LAKE WORTH, Fla. – How can organizations use data to measure and maximize their impact? Dr. Karline Prophete, interim director of the Barbara CareyShuler Equity Institute at Palm Beach State College, shared insights into the methods used to assess student outcomes during the latest episode of the Florida College Access Network’s Summit Speaker Series podcast.
The talk was a preview of the session, “Equal is still Not Enough: Leveraging Institutional Data to Expand Access and Differentiate Student Program Offerings” that she will present at the 2023 Talent Strong Florida Summit April 27-28 at the Grand Hyatt in Tampa Bay.
Prophete, a former educator turned data nerd, told listeners that they don’t have to be data scientists to embrace the power of numbers and ﬁnd ways to help drive improved student programming.
“Some people are afraid to work with numbers,” she told FCAN’s Communications Manager John Ceballos who moderated the podcast. “However, I want to tell them that data and math can be great tools.”
Prophete, who has 17 years of teaching and administrative experience in higher education and K-12, hopes to humanize data and advised listeners to focus less on the technical side of the data and analytics and instead focus their energy into measuring impact.
“Begin where you know you have influence,” Prophete said. “Figure out what to measure that is tied to your organizational goals. Again, stay away from all the technical stuff and leave that to the experts. Focus on knowing your outcomes in a clear way of communicating it to your stakeholders and partners.”
An initial data point Prophete gave as an example was for an organization that helps students transition from high school to college to know how many students they served versus how many enrolled in college.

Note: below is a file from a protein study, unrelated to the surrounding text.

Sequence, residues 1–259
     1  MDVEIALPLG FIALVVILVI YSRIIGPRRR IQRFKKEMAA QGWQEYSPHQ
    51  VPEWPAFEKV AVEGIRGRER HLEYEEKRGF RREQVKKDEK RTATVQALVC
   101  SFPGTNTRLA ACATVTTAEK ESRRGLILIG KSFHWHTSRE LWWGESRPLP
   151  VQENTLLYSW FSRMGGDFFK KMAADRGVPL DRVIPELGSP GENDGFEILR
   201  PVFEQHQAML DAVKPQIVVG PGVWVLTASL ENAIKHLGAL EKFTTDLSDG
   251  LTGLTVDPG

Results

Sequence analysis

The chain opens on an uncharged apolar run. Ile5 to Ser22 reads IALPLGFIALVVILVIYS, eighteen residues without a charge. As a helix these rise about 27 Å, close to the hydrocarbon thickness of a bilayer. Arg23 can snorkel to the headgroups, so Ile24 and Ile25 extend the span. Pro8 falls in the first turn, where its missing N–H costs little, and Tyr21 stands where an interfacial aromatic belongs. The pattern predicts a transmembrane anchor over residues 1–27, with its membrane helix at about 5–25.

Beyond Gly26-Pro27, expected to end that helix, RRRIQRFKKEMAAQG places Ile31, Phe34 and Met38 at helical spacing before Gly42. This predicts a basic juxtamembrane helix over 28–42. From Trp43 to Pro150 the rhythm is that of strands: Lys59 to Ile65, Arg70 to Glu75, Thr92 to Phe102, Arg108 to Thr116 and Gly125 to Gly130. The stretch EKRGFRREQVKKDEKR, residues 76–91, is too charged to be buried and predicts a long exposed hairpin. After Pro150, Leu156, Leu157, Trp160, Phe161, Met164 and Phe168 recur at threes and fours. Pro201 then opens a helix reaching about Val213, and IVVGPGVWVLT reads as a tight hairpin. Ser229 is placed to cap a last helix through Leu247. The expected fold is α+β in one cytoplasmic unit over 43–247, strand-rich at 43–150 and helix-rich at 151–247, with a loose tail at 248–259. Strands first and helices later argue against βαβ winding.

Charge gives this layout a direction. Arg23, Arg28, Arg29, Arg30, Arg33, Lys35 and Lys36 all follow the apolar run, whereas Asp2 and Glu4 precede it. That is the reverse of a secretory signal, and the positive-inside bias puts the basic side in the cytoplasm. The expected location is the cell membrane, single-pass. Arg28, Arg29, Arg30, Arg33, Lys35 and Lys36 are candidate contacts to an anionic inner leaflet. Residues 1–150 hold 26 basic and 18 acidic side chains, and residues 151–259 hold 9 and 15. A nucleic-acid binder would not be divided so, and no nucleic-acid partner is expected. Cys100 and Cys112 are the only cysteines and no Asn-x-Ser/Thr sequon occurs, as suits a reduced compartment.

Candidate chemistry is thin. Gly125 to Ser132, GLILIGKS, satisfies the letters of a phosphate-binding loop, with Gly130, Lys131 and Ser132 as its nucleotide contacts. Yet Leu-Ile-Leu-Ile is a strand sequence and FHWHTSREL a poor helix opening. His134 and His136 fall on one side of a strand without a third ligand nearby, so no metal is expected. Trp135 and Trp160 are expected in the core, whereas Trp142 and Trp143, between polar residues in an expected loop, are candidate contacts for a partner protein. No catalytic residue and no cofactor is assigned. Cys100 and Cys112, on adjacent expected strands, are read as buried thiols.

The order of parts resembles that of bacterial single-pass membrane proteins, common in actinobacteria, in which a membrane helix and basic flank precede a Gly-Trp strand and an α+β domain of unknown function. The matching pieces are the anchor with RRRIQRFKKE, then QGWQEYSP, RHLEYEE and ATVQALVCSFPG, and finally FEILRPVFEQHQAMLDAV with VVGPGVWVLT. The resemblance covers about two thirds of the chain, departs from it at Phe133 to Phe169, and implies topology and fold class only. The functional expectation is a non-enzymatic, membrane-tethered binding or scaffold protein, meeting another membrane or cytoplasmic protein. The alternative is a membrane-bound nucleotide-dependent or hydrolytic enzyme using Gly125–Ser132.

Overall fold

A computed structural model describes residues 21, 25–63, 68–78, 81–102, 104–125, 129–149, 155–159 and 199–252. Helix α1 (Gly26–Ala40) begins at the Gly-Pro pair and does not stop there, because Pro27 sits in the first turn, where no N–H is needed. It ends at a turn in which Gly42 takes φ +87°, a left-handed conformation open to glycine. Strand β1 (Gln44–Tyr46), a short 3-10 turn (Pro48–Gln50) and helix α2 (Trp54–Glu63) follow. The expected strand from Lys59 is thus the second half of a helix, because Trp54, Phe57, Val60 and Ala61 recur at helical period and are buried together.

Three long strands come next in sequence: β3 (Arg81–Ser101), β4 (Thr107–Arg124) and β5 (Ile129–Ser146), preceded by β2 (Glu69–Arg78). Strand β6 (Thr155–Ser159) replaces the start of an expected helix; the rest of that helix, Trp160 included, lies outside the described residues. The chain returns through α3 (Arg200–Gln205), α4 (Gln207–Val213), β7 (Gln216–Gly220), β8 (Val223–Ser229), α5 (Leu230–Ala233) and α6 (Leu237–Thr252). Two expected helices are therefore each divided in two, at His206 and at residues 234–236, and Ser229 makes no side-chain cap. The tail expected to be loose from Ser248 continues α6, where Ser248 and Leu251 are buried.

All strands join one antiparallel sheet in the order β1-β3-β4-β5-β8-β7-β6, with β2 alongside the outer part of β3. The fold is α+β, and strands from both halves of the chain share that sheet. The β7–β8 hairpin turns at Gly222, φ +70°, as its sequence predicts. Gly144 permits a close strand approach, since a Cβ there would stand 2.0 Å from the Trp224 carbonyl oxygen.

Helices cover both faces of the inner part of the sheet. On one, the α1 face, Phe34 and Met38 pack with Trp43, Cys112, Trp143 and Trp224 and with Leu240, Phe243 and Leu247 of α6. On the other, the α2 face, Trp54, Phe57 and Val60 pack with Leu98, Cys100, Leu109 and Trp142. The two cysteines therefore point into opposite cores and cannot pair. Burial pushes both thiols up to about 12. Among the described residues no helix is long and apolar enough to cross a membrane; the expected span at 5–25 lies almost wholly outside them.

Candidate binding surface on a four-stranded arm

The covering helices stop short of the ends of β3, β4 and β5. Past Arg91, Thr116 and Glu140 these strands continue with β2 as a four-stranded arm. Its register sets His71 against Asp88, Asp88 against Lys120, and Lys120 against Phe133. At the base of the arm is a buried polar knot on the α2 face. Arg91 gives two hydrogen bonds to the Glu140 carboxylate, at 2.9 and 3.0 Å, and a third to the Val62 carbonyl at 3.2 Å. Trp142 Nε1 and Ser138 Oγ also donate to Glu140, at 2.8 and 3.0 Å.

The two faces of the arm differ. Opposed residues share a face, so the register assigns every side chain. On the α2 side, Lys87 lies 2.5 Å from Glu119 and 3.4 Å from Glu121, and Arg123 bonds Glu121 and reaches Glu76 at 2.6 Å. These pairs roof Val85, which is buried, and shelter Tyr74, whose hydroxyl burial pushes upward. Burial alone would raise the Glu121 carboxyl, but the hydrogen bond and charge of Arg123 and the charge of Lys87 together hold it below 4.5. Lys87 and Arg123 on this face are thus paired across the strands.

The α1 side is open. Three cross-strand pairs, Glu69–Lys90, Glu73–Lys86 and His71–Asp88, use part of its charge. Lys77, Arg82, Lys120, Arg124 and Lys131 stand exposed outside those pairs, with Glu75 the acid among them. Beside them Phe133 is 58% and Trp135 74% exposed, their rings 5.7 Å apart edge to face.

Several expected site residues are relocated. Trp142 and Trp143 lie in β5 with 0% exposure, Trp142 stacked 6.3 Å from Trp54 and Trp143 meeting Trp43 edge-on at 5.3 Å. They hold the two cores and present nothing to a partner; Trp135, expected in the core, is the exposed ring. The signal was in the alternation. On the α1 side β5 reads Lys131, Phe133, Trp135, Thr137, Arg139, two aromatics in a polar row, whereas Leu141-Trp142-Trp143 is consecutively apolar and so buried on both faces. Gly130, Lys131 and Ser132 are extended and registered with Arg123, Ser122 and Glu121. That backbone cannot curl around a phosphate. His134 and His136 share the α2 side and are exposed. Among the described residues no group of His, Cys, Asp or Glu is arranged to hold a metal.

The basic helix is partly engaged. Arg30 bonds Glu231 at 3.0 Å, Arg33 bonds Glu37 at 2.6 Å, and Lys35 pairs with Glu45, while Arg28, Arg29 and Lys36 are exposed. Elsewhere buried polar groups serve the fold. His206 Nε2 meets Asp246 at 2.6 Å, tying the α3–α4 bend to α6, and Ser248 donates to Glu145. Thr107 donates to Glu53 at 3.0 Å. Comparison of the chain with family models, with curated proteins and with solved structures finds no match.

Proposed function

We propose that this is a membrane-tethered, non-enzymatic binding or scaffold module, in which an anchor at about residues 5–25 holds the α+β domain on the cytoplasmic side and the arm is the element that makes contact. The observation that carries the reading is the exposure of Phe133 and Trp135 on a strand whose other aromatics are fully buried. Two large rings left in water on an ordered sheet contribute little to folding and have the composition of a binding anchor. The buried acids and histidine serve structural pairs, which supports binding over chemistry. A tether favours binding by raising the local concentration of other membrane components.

“I don’t have to know a lot of technical science to track that,” Prophete said. “After a period of time, you can go back and ask what service you provided to influence their behavior and decision to go to college.”
Being transparent about data is another key aspect Prophete says is important.
“Since all of us have shared outcomes about student success, everyone at an institution should know how what they do impacts those student success outcomes.” According to Prophete, it’s also important to know, particularly in Florida, how postsecondary success impacts our economy and making sure students can graduate with credentials that lead to high-wage jobs.
“If everyone at an institution is not familiar with what those data points look like, it’s very difﬁcult for them to provide the differentiated support many students need,” Prophete said.
At PBSC, some of Prophete’s data at the Equity Institute reveals that early college and summer bridge programs can boost student success in higher education.
“The summer allows you to have focus time with various groups of students,” Prophete said. “When students are not thinking about their high school classwork and other activities, you can really have some dedicated time to provide high touch and differentiated support to them. It’s an opportunity to bring the students to campus early, connect them to resources, and keep that learning happening even if it’s in non-traditional ways.”
Prophete holds doctorate, master’s and specialist degrees in educational leadership from Florida Atlantic University and a bachelor’s degree in public administration from Florida International University. Her passion for equity, retention and student success led to the research for her dissertation titled “How Race, Gender and Pell Status Affect the Persistence and Degree Attainment Rates of Dual Enrollment Students.”
At the Florida Summit, Prophete will share more ways to look at data differently and measure student success data. For more information visit fcansummit.org.